Automotive Ethernet promises to both reduce the cable weight used in cars today and offer increase bandwidth compared with existing MOST-based designs. At the forefront of the interoperability testing is UNH’s InterOperability Lab (IOL).

Automotive Ethernet Conformance and Interoperability Testing

David Estes | UNH-IOL

Can you give us a brief overview of automotive Ethernet?

Automotive Ethernet is the use of Ethernet technology within the vehicle to connect systems that require a higher bandwidth than what is currently available.  The standard Ethernet frame format and point-to-point topology is preserved.  Automotive Ethernet can enable more advanced safety systems (such as cameras, collision avoidance systems, or even automated driving) and more features for infotainment.  Saving weight on the wiring harness by using only one pair will help to increase performance and fuel efficiency.  In addition, several low bandwidth signal paths can be combined over one Ethernet link to reduce cabling weight even further.

When do you think we will see cars containing automotive Ethernet?

Production is planned to begin in 2013. The first application will be a rearview camera.

Describe the UNH-IOL.

The UNH-IOL tests networking and data communications products.  We were founded in 1988 to foster mutli-vendor interoperability while preparing students for careers in the industry.  The laboratory has grown steadily into one of the industry's premier independent proving grounds for new technologies.

The UNH-IOL maintains a strong reputation for independent, vendor-neutral testing with a focus on quality assurance rather than marketing or promotional goals. The confidential test reports the UNH-IOL provides to its members are recognized throughout the data communications industry as evidence of interoperability and conformance to technical standards.

This testing is conducted in the laboratory's 32,000+ square foot facility, which houses a multi-million dollar array of test equipment and the latest devices from member companies.

The UNH-IOL is the only full-scale, non-profit test lab in the world that balances industry expertise with the real-world training of future engineers.

More than 100 graduate and undergraduate student employees work with full-time UNH-IOL staff, gaining hands-on experience with developing technologies and products. The companies and organizations that work with the UNH-IOL benefit from cost-effective testing services, as well as the opportunity to recruit future engineers from the UNH-IOL workforce.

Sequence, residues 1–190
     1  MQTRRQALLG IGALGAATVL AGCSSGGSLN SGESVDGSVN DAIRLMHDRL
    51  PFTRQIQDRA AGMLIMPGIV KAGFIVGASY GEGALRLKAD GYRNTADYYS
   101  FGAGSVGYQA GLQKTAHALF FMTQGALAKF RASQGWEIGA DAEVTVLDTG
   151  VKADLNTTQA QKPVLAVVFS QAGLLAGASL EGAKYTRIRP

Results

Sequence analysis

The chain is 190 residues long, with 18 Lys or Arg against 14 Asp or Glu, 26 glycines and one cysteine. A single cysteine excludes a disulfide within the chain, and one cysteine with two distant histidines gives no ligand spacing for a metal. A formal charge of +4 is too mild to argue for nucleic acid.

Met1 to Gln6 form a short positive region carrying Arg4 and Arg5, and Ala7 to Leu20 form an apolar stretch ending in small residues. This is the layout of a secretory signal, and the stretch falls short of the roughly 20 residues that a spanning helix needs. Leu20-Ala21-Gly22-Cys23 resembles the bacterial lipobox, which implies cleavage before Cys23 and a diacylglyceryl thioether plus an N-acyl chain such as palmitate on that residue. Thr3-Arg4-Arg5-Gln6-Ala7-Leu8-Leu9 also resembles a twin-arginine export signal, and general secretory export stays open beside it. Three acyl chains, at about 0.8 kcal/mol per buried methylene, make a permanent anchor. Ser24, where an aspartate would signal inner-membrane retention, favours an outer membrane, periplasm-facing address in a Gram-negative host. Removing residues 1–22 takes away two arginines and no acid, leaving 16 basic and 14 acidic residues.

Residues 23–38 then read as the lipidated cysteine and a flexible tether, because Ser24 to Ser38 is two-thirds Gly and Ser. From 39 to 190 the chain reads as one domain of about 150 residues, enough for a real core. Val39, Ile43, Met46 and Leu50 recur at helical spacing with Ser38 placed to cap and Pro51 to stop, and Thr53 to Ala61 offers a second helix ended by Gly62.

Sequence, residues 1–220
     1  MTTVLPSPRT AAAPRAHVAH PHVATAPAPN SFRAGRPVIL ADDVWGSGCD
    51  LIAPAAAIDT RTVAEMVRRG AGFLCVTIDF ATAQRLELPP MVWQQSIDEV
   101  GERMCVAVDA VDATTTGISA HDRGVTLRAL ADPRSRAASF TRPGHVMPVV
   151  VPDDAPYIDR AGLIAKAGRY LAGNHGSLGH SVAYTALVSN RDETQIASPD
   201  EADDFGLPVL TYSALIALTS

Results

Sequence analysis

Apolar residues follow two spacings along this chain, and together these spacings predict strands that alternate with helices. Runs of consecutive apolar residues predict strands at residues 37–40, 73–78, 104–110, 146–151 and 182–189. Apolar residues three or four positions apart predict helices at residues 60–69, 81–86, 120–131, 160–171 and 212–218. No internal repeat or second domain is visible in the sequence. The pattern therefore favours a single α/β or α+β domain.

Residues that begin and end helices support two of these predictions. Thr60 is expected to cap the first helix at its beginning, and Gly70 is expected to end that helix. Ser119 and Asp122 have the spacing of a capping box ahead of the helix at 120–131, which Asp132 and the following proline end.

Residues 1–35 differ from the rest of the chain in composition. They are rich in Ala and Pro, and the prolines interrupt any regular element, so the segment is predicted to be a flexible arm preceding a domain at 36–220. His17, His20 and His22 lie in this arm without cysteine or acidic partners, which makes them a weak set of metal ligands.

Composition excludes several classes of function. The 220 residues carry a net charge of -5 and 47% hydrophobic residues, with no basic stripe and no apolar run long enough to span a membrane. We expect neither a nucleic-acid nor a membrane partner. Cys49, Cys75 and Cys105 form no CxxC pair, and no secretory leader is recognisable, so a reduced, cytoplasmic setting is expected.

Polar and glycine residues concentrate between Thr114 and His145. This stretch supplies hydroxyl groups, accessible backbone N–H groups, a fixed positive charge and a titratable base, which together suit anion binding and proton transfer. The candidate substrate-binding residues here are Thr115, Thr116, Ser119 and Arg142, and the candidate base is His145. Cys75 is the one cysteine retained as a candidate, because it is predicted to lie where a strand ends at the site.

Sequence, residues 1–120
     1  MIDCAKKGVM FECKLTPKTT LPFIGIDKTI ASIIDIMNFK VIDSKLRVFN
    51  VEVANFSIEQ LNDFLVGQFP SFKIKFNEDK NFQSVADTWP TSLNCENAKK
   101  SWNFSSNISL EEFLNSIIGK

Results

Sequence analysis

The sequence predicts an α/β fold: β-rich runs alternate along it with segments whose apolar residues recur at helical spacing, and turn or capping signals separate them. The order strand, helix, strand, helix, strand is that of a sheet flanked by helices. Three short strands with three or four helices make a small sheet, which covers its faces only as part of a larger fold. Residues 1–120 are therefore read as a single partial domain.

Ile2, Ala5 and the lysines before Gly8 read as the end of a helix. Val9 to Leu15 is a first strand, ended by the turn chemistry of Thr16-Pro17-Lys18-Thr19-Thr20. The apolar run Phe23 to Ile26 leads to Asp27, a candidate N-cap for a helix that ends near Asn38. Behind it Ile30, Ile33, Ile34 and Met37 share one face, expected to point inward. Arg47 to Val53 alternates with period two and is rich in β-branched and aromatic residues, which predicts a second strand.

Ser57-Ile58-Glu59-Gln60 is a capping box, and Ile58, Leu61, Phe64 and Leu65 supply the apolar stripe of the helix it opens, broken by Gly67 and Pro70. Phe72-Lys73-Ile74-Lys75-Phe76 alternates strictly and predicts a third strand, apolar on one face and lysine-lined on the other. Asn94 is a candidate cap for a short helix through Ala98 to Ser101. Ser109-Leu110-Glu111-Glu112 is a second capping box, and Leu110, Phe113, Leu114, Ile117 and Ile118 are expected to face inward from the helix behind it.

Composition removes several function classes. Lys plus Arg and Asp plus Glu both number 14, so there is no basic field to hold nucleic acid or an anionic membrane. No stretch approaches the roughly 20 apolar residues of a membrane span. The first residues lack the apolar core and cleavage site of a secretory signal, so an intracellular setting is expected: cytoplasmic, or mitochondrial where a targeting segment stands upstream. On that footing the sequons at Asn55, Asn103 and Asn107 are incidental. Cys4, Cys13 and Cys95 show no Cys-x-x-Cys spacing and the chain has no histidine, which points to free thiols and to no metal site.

How are the UNH-IOL and the OPEN Alliance working together to rev up the evolution of the connected car in the new UNH-IOL Automotive Ethernet Consortium?

The UNH-IOL is working directly with the OPEN Alliance to define the test specifications for BroadR-Reach devices.  Independently, the laboratory is creating the test systems that are needed to perform the test specifications.  These activities are allowing automotive manufacturers to bring BroadR-Reach capable devices into production quickly and with confidence that they will work in the vehicle.

What is the BroadR-Reach standard?

BroadR-Reach is a new physical layer standard for 100Mb/s Ethernet operating bidirectionally over a single unshielded twisted pair.  It was created by Broadcom and adopted by the OPEN Alliance.

Why is the BroadR-Reach standard important for automobile manufacturers and parts suppliers?

BroadR-Reach is important because it meets the bandwidth needs and the EMC requirements of the automotive industry while operating over a single unshielded twisted pair.  Using only one pair reduces the wiring cost in the vehicle and saves weight, which leads to increased performance.

What does the BroadR-Reach standard mean for consumers?

End consumers will notice the effects of BroadR-Reach because they will have access to more advanced safety systems (such as cameras, collision avoidance systems, or even automated driving) and more features for infotainment.  Saving weight on the wiring harness will help to increase vehicle performance and fuel efficiency. 

Can you describe the type of testing currently being performed in the UNH-IOL Automotive Ethernet Consortium?

We have performed Physical Media Attachment (PMA) testing which examines the electrical characteristics of the signals transmitted by the BroadR-Reach devices.  Future testing includes interoperability, Physical Coding Sublayer (PCS), PHY Control, and Media Access Control (MAC).

What are the benefits of membership in the UNH-IOL Automotive Ethernet Consortium to semiconductor companies?

Our member companies will get access to our conformance testing and our interoperability testing throughout the year, allowing them to bring their products to market faster. Membership in the UNH-IOL can be viewed as an extension of in-house testing and Quality Assurance.

How many members and contributors are there?

We currently have three founding members and two contributing members.

How will the lab continue to collaborate with the OPEN Alliance as the BroadR-Reach standard progresses?

We will continue working with the OPEN Alliance to ensure that we are meeting their testing requirements for BroadR-Reach and the upcoming Reduced Twisted Pair Gigabit Ethernet (RTPGE) standard that is currently in the study group phase for the IEEE 802.3 working group.

What factors contributed to the OPEN Alliance’s endorsement of the UNH-IOL as the first laboratory to test the BroadR-Reach standard?

The UNH-IOL has been conducting Ethernet testing for nearly 25 years.  The laboratory operates one of the world’s most comprehensive test beds.  Our experience and expertise allowed us to quickly develop the testing services needed to prove that BroadR-Reach was a viable solution for in-car networking.


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